Long before she ran away with Paris to Troy, Helen of Sparta was haunted by nightmares of a burning city under siege. These dreams foretold impending war--a war that only Helen has the power to avert. To do so, she must defy her family and betray her betrothed by fleeing the palace in the dead of night. In need of protection, she finds shelter and comfort in the arms of Theseus, son of Poseidon. With Theseus at her side, she believes she can escape her destiny. But at every turn, new dangers--violence, betrayal, extortion, threat of war--thwart Helen's plans and bar her path. Still, she refuses to bend to the will of the gods.A new take on an ancient myth, Helen of Sparta is the story of one woman determined to decide her own fate. The sequel to Helen of Sparta will be published by Lake Union Publishing in May 2016.
An ethereal beauty born of Leda and Zeus, Helen of Sparta is a young princess famed for her magnificent features which no other mortal woman can rival. To onlookers, it seems Helen has everything she could ever want. However, Helen suffers from mistreatment and bitterness from her own mother and is expected to marry Menelaus even against her will. Worse yet are the nightmares of a foreign prince and a war at her expense. A famed hero by the name of Theseus seems like the answer to all her problems, perhaps even her loneliness, but life with him is not without new troubles.
I found Helen of Sparta to be an interesting read since I’ve never before read anything to do with Helen as a central character. This book gives us a look into how she might have felt and what she might have wished for in her life before Paris and the Trojan War. I’ve never really considered what she was like before becoming Helen of Troy. I liked seeing her as a person rather than an attractive prize to be fought over. As for how she is portrayed, I think I liked her character and she is not as perfect in personality as she is in beauty. She is both strong and at times weak, but admirable in her struggles.
I’m still contemplating over the book and the characters, but Theseus was another one that I liked. He was also perfectly flawed in that there were moments I wanted to tell him that he was too old for his own selfish, reckless decisions. I’m back and forth with my attitude about their relationship, some moments I like their relationship and other times it’s just ‘iffy.’ Overall, I did like them and I’m dreading what will eventually come next for the two. On a side note, Theseus should pick better friends.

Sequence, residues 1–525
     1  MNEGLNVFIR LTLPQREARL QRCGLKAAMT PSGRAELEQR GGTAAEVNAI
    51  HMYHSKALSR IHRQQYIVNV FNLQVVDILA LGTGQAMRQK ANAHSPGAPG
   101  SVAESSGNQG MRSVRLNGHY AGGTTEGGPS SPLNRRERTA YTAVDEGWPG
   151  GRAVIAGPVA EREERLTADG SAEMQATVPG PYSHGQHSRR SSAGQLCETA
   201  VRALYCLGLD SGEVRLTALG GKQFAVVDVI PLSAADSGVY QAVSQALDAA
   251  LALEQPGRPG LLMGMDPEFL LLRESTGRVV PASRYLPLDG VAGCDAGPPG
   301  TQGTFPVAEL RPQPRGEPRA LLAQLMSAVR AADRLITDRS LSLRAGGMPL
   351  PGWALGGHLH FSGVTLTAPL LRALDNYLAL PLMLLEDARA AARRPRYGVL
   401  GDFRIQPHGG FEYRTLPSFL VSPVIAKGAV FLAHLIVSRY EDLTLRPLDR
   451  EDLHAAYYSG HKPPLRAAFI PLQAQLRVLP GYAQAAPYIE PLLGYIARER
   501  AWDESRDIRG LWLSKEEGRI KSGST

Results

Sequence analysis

I’m looking forward to reading book two, By Helen’s Hand, but at the same time dreading what will happen next.
The Mapmaker's Children
I received this product for free in exchange for an honest review. This does not affect my opinion or the content of my review.
by Sarah McCoy Published by Crown/Archetype
on May 5th 2015 Genres: Contemporary Women
, Literary Pages:
When Sarah Brown, daughter of abolitionist John Brown, realizes that her artistic talents may be able to help save the lives of slaves fleeing north, she becomes one of the Underground Railroad’s leading mapmakers, taking her cues from the slave code quilts and hiding her maps within her paintings. She boldly embraces this calling after being told the shocking news that she can’t bear children, but as the country steers toward bloody civil war, Sarah faces difficult sacrifices that could put all she loves in peril. Eden, a modern woman desperate to conceive a child with her husband, moves to an old house in the suburbs and discovers a porcelain head hidden in the root cellar—the remains of an Underground Railroad doll with an extraordinary past of secret messages, danger and deliverance. Ingeniously plotted to a riveting end, Sarah and Eden’s woven lives connect the past to the present, forcing each of them to define courage, family, love, and legacy in a new way.
I was a little hesitant when starting The Mapmaker’s Children because more often than not I tend to dislike alternating point of views if they’re not done too well, especially when it comes to stories that are taking place in the past and present. That being said, I really enjoyed this book and it worked perfectly, keeping my interest throughout the three hundred pages (I wish the font was bigger).
Sarah Brown and Eden seemed to have only an infertility problem in common at first, but their stories unfold and I could see how these two different women, from very different times could intertwine and make such an interesting story. I personally loved Sarah’s chapters a lot more because I found the historical aspects more interesting than some of Eden’s life. Although, despite not going through the same trials and dangers as Sarah Brown, Eden was also a woman who had endured through pain and despair. They’re both strong.